Many firms aren’t giving remote workers any security training

Many companies do not provide their remote workers with any cybersecurity awareness training, new research has claimed, despite these workers having access to sensitive company data. 

A report from Hornetsecurity polling almost 1,000 IT professionals working in businesses of all sizes across the globe found that a third (33%) do not provide any kind of cybersecurity awareness training to their remote staff. 

At the same time, three-quarters (74%) of these remote workers have access to critical data, potentially putting their employers at major risk of expensive, brand-shattering cyber-incidents. 

Basic training to the rescue

The report also suggests that IT teams are aware of the position they’re in, as almost half (43%) of IT pros rated their confidence in their remote security measures as “moderate” at best. Some (16%) believe that “uncontrolled file sharing” was a common cause of cyber incidents. 

The risks could only be set to increase, as the report found almost half (44%) of firms are planning to increase the percentage of their remote working staff in the future.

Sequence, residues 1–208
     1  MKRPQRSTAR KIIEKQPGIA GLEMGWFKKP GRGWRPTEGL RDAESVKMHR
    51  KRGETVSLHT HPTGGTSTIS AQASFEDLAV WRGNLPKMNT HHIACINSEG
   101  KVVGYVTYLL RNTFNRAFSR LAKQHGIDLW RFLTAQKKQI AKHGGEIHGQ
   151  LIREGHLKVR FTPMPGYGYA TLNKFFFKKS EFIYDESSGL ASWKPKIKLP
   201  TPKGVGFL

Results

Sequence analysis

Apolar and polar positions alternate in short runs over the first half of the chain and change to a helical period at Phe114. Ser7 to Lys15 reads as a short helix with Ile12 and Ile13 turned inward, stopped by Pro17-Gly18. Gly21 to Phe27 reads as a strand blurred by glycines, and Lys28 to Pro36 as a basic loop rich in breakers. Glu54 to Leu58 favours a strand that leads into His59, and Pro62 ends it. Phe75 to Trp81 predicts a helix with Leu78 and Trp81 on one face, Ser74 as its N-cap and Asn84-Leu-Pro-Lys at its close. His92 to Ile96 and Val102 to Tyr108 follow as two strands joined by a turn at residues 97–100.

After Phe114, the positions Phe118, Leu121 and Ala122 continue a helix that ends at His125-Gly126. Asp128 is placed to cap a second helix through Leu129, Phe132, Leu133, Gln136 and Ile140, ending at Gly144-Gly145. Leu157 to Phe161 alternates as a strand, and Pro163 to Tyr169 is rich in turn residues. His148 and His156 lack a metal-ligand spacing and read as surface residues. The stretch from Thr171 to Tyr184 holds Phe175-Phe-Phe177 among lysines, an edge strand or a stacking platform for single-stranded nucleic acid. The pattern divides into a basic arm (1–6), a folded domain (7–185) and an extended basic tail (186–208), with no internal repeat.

To tackle the problem, Hornetsecurity says businesses need to do the obvious – increase education and training, particularly basic training, which could “significantly” improve an organization’s cybersecurity posture. 

Furthermore, businesses should have “strong systems” set up, to protect their employees. Compromised endpoints (28%) and compromised credentials (28%) were the main sources of cybersecurity incidents, it said. Furthermore, 15% said employees use their own devices to work, albeit with “some endpoint configuration”. 

“Traditional methods of controlling and securing company data aren’t as effective when employees are working in remote locations and greater responsibility falls on the individual. Companies must acknowledge the unique risks associated with remote work and activate relevant security management systems, as well as empower employees to deal with a certain level of risk,” said Daniel Hofmann, CEO of Hornetsecurity.

“Increasing remote working cybersecurity measures is particularly important in the current climate, as cybercriminals are becoming smarter and using remote working to their advantage. We’ve seen an increase in smartphone attacks as hackers understand that both personal and professional data can likely be accessed as people can, and often do, carry out work on personal devices.” 

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